Supreme Court quashes National Tax Tribunal Act

news
25 September 2014

The Supreme Court today held the National Tax Tribunal Act, under which a tribunal was set up to decide tax-related cases, usurping the jurisdiction of high courts in such matters, as unconstitutional.

Supreme CourtA five-judge constitutional bench headed by Chief Justice R M Lodha quashed the National Tax Tribunal Act, saying it was bad in law and failed the test of constitutional validity.

The bench said the Act, passed by Parliament in 2005, is "unconstitutional" as the National Tax Tribunal (NTT) encroaches upon the powers of higher judiciary, which can only decide issues involving substantial laws and not a tribunal.

The SC bench held that the government cannot vest a tribunal with judicial powers without according to it the characteristics of a court and ensuring its autonomy.

Also, the bench noted, the NTT sought to undermine the jurisdiction of the high courts in deciding tax related matters, as the government had specifically stated that the NTT was intended to reduce the pendency of cases in the high courts.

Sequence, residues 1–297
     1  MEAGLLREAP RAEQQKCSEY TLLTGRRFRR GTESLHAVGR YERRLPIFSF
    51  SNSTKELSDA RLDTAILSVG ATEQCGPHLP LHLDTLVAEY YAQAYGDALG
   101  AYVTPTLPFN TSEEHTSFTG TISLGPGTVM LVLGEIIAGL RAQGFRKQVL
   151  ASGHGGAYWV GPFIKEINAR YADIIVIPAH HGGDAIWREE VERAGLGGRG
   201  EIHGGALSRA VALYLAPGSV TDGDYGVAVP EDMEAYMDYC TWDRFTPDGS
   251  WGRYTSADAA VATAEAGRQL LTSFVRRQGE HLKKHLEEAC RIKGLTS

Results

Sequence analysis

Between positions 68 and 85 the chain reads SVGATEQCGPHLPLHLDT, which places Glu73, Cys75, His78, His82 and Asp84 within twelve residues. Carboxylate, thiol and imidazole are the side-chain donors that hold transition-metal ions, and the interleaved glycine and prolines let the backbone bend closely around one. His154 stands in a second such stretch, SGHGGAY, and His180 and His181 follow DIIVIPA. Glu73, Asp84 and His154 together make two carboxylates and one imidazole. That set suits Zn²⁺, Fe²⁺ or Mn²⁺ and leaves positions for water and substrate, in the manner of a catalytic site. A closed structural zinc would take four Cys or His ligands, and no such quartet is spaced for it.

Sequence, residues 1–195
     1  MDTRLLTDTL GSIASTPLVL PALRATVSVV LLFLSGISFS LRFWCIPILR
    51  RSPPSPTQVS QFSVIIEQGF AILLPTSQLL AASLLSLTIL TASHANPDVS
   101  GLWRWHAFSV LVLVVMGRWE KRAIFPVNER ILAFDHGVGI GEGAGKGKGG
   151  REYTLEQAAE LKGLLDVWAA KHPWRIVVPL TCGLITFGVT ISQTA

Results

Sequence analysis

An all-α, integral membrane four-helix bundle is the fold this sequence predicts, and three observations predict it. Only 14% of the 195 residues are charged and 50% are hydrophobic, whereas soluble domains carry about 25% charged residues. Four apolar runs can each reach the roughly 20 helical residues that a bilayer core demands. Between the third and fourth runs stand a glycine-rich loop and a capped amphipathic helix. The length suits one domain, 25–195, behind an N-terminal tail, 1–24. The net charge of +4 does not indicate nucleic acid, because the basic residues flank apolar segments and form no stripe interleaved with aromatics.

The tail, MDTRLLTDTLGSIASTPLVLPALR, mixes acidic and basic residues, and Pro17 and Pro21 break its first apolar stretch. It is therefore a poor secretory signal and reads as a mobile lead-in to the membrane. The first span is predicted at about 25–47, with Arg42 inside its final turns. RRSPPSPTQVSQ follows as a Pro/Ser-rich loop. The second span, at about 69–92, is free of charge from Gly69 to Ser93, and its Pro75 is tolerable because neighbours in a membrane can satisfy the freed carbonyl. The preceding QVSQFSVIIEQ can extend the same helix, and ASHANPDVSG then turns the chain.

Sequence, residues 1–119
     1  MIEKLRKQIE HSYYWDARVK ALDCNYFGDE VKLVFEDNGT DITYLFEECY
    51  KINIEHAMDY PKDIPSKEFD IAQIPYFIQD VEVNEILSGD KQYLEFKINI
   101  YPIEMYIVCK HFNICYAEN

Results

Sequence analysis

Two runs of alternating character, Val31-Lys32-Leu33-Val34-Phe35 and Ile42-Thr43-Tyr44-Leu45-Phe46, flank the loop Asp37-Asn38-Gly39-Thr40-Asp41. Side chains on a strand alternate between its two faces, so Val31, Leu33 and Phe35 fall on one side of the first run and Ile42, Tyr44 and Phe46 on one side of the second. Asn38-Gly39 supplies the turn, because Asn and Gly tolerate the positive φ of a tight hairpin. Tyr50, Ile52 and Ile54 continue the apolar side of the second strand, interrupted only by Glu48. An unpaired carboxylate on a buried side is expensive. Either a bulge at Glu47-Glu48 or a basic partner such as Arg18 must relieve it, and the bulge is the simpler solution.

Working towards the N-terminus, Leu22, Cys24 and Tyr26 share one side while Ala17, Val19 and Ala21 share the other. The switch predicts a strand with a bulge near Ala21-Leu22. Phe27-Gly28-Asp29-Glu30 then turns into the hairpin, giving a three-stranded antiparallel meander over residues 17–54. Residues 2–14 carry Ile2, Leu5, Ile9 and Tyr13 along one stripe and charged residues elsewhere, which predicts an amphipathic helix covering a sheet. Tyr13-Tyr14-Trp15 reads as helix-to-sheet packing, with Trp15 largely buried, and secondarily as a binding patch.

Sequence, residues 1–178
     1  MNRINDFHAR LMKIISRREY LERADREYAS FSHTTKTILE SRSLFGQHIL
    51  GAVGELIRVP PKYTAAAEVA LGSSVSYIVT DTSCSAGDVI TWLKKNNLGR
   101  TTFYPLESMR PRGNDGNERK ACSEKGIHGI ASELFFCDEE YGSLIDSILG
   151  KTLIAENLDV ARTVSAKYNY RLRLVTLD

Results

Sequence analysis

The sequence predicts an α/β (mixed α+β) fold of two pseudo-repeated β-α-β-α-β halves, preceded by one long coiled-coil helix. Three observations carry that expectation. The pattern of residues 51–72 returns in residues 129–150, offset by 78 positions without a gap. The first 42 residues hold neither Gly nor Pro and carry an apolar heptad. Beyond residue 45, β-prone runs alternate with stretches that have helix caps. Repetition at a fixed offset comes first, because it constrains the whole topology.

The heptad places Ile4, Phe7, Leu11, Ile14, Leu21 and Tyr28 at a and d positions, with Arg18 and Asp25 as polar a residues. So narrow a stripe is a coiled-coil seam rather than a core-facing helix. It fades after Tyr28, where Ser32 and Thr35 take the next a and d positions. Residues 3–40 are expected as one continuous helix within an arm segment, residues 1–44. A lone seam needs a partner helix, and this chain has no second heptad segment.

The order came on a batch of petitions by Madras Bar Associations and others challenging the validity of the Act, which could have substituted the high courts with tribunals that have no judicial powers or operational independence, which is against the basic structure of the Constitution.

The first petition was filed in 2006 by the Madras Bar Association and later many other lawyers bodies joined in challenging the Act.

For the NDA government, which had justified the creation of NTT, saying that it would help unclog the backlog of cases in the high courts, the SC order could prove a major jolt, especially at a time when the government is looking for speeding up the decision-making process.

The apex court pointed out that where the party before the NTT was always the ministry of finance, a quasi-judicial tribunal would not inspire confidence and it would shake the very foundation of the principles of independence of judiciary, rule of law and separation of powers.

This could spawn a host of quasi-judicial tribunals which would function as departments of various ministries, posing a grave danger that the judiciary would be substituted by tribunals.

The judgement will have a direct bearing on a petition that has challenged the validity of the National Company Law Appellate Tribunal.

 





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